ABC’s of Gratitude—When we most need to practice gratitude is often when we feel the least grateful. Name something that begins with each letter of the alphabet for which you are grateful.  Even if our list starts frustratedly with apples, bananas, cats, and dogs, by the time we get to wisdom, yogurt and zebras our perspective will have shifted and we can feel the difference inside.

Hopefully something in these words has given you a couple of tools and encouragement to help you walk this journey. You and your loved ones deserve all the support and moments of peace you can access along the way.

*  *  *  *  *

Carla Cheatham is the principal and lead trainer for Carla Cheatham Consulting Group, LLC and serves as a national keynote speaker and educator teaching in the areas of clinical presence and attunement, compassion fatigue and resilience, ethical spiritual and existential care, grief support, ethical boundaries and healthy teams, and more. She publishes two blogs through CarlaCheatham.com and HospiceWhispers.com. She is the author of Hospice Whispers: Stories of Life and its companion piece, Sharing Our Stories: A Hospice Whispers Grief Support Workbook.

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Being ‘Mindful’ May Help in Managing Essential Tremor

By Dr. Michael Braitsch, PT, DPT
Tribe Wellness, LLC

Photo of Michael Braitsch, Tribe WellnessIf you’re like me, you’ve heard over and over again the value of mindfulness. It’s become quite a popular buzzword in a variety of manners of marketing. As we enter the next frontier of neuroscience and brain health, it seems like you can’t go anywhere without hearing about mindfulness. But what does mindfulness really mean and how can it be useful in daily life or in managing life with a tremor?

As a physical therapist, I have seen time and again the role of increased stress ramping up the severity of a patient’s symptoms (whether it be chronic pain in someone’s lower back, the amplitude or frequency of a tremor, the incidence of freezing gait in someone with Parkinson’s disease – the  list goes on).

I’ve met many people though with an essential tremor who usually say something like, “If I really focus on it, I can kind of calm my tremor down.” This is mindfulness!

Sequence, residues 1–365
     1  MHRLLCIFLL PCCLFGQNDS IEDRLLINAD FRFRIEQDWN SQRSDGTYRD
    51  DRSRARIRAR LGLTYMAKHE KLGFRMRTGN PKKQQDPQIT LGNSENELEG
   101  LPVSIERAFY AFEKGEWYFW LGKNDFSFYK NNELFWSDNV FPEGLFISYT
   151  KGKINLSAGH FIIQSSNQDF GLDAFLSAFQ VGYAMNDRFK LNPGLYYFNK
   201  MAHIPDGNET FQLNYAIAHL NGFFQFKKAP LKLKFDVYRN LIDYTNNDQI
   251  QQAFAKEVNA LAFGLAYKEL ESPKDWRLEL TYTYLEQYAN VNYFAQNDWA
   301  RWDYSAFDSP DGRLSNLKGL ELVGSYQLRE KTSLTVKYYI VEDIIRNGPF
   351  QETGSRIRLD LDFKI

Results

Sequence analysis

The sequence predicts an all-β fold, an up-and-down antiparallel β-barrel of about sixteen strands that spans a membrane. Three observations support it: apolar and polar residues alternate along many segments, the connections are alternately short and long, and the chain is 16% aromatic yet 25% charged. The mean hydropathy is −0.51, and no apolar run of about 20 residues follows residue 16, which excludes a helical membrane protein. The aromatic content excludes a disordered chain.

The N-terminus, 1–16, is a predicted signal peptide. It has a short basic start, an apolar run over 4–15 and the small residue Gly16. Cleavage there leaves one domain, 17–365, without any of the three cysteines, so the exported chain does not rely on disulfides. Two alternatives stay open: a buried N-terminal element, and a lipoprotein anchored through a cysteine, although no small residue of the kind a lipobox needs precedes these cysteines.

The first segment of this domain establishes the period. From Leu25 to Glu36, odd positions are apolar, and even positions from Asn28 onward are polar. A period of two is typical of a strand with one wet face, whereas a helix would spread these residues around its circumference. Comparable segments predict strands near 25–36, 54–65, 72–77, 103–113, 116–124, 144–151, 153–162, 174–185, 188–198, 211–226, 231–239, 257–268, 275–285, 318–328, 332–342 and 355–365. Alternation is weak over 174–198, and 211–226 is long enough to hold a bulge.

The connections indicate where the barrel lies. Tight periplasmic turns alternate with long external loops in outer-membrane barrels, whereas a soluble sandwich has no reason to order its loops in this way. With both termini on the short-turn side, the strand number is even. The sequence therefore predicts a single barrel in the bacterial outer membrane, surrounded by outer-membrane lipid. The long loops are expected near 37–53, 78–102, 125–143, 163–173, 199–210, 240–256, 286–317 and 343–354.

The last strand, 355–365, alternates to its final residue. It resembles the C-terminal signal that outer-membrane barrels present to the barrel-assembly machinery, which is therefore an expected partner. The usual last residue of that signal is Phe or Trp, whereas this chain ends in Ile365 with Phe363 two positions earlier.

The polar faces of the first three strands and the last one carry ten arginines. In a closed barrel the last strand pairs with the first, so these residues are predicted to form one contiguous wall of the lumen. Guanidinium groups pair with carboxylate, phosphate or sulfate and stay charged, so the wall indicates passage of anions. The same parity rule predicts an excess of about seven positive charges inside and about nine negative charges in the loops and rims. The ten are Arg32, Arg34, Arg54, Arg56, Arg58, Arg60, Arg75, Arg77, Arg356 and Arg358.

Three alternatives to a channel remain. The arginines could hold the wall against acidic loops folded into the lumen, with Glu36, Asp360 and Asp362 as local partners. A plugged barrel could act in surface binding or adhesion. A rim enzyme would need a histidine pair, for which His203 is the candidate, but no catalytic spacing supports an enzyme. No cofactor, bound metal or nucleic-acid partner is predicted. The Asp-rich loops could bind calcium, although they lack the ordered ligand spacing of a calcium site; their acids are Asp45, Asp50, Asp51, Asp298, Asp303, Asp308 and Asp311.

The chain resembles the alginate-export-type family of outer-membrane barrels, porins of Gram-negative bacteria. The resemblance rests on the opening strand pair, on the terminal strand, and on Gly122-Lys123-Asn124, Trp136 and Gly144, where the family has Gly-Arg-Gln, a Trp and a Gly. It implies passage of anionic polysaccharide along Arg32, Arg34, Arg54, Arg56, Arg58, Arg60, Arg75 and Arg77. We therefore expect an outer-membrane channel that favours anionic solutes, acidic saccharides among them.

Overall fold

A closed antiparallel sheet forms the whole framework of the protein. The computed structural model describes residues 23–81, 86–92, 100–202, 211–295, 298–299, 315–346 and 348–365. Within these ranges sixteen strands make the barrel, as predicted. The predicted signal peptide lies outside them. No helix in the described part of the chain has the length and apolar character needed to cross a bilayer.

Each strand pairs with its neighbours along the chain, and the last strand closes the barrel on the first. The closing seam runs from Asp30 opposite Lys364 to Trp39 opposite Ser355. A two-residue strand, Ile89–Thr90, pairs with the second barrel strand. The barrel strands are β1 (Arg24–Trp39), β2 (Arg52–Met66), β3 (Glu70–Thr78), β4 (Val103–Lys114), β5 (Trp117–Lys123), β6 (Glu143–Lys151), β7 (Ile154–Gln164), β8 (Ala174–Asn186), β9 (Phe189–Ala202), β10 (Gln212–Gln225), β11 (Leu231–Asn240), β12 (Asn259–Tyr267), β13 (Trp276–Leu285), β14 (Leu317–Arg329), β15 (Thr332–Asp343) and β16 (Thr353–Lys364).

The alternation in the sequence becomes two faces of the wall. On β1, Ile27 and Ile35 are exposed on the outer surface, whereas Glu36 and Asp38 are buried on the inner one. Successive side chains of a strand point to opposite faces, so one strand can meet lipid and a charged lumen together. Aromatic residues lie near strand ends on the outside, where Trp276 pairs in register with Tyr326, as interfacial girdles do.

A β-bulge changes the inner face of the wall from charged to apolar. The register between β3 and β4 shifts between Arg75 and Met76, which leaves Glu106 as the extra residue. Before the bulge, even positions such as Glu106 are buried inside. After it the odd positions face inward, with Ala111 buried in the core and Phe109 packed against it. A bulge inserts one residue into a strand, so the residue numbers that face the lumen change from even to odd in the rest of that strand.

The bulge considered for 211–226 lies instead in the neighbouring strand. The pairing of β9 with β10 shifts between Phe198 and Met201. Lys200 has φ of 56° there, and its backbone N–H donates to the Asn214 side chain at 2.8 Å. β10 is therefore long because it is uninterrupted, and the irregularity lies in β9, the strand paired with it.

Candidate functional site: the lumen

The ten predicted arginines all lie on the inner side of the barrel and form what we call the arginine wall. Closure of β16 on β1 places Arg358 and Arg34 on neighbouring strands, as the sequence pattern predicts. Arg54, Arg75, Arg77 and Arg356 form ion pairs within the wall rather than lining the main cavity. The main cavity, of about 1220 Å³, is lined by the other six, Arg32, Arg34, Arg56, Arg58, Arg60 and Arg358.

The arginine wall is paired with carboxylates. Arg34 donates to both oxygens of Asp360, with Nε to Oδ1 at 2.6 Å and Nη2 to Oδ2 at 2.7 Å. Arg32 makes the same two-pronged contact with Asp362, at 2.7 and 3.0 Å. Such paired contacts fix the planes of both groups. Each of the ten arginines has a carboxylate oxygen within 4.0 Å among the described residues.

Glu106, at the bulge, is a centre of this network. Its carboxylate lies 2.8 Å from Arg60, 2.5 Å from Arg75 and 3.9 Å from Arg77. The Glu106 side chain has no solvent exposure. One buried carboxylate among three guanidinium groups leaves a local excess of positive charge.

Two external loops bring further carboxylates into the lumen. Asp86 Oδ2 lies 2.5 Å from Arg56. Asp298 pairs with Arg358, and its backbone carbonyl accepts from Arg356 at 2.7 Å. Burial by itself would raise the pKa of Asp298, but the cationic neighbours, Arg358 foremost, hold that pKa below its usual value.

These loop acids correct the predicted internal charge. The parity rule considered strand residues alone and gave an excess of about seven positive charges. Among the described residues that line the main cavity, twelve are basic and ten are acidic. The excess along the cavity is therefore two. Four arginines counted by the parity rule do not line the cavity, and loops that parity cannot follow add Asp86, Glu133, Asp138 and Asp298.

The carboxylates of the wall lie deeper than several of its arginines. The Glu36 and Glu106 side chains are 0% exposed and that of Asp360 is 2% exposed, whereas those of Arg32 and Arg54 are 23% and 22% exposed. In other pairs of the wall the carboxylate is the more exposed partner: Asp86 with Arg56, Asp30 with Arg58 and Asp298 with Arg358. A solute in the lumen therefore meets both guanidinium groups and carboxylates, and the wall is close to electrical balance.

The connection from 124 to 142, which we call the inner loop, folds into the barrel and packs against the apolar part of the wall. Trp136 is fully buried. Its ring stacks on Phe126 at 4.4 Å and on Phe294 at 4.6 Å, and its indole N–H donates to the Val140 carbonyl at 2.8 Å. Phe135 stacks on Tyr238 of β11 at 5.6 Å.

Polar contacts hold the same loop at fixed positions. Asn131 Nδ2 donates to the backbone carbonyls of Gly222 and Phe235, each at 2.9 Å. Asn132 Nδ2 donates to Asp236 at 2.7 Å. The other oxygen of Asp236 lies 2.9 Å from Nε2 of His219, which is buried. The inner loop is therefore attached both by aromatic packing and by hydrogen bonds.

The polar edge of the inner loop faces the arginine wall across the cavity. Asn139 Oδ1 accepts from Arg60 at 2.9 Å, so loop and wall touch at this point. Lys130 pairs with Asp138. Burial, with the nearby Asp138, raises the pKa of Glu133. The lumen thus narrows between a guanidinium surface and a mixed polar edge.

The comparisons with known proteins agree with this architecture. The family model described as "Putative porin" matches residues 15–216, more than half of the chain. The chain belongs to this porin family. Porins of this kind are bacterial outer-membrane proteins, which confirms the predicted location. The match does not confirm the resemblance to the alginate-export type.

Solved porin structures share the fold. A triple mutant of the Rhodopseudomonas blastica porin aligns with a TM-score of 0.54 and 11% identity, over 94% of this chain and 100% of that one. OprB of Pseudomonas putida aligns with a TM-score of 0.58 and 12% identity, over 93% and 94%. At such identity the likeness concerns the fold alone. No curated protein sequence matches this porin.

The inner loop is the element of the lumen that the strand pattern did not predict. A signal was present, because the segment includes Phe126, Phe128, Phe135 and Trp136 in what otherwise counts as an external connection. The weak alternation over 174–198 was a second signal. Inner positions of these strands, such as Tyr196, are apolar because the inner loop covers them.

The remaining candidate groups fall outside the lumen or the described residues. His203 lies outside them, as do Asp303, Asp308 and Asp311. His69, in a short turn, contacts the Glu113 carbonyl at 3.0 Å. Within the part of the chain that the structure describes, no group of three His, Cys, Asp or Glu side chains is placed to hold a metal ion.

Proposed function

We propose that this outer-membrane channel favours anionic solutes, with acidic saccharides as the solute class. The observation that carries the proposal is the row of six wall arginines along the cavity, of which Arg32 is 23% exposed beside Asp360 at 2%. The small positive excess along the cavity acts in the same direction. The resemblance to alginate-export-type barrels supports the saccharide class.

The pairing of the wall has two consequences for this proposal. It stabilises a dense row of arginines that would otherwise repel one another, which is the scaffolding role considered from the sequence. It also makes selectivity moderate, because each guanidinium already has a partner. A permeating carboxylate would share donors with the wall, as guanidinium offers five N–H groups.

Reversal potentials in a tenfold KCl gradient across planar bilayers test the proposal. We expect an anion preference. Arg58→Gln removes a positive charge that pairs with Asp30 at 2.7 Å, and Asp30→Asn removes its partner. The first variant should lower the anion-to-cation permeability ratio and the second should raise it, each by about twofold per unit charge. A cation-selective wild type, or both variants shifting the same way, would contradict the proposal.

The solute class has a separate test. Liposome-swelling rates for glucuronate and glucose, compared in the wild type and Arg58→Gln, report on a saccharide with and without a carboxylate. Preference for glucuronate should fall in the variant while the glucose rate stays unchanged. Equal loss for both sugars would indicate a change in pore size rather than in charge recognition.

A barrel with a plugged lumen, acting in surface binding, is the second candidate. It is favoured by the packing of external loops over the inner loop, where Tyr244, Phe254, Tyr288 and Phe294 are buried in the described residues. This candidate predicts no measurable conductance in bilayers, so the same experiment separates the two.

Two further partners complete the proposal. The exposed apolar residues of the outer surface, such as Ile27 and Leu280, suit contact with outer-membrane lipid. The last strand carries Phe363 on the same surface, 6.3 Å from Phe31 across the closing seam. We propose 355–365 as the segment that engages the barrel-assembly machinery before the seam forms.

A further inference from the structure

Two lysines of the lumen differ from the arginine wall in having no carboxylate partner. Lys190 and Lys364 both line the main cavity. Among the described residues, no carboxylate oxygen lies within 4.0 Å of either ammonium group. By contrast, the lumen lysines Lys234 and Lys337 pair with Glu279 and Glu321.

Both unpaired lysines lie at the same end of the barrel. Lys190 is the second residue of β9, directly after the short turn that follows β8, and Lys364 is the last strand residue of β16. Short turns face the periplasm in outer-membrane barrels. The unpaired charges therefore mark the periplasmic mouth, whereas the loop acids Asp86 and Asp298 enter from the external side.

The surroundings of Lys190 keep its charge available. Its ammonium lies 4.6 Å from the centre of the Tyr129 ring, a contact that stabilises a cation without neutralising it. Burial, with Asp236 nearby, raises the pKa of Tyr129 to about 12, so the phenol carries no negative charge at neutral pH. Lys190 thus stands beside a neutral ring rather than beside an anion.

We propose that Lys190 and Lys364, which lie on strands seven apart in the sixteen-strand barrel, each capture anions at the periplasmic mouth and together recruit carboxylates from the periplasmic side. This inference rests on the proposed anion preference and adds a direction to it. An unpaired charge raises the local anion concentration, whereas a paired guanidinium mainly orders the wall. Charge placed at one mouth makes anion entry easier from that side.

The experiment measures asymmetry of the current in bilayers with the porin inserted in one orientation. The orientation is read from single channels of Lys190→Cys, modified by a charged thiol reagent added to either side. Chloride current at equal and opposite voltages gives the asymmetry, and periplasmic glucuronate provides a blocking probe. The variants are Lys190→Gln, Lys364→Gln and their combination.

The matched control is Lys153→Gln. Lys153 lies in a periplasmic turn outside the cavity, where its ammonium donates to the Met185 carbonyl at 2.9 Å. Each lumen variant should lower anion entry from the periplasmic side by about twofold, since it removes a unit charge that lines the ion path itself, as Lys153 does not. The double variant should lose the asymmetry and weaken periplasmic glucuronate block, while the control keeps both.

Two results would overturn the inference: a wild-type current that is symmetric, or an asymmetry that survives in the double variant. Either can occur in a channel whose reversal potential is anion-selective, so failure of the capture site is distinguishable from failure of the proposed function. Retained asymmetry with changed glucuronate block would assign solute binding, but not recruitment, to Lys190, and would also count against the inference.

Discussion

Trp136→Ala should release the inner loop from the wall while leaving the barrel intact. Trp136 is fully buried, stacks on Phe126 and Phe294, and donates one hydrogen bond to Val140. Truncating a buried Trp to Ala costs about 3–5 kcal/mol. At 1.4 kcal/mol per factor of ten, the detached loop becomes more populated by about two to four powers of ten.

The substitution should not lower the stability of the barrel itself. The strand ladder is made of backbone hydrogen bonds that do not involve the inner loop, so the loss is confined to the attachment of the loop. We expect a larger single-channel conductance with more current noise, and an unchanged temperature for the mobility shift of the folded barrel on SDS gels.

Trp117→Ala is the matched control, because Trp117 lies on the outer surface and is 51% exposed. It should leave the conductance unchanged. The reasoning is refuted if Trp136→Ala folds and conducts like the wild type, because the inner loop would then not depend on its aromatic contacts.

The even better news is that practicing mindfulness can have far reaching benefits to improve quality of life with or without a tremor. It makes good sense. When we are calmer, we learn better, we perform better, we are less distracted, and we can even tap into a level of subconscious skill to make life easier.

While this all sounds great, I’m also here to warn you that it takes some effort and consistency; however, we all know that most worthwhile things in life take some effort. The intention of this blog post is to clarify what mindfulness practice is and how it could be helpful.

What is Mindfulness?
Many people consider the practice of mindfulness as simply, being aware of the present moment and the task-at-hand. Merriam-Webster’s dictionary defines mindfulness as:

“1 : the quality or state of being mindful

2 : the practice of maintaining a nonjudgmental state of heightened or complete awareness of one’s thoughts, emotions, or experiences on a moment-to-moment basis “

So “mindfulness” is really a practice. It’s NOT a destination. It has a lot of similarities with meditation or directed thinking which is common in all religious beliefs, to quiet the mind you don’t have to run off to the mountains or join a monastery. Rather, mindfulness provides a method of intentionally directing one’s focus to the task-at-hand, while avoiding judgment (both good and bad).

Let’s break each of these down further.

Focus on the Present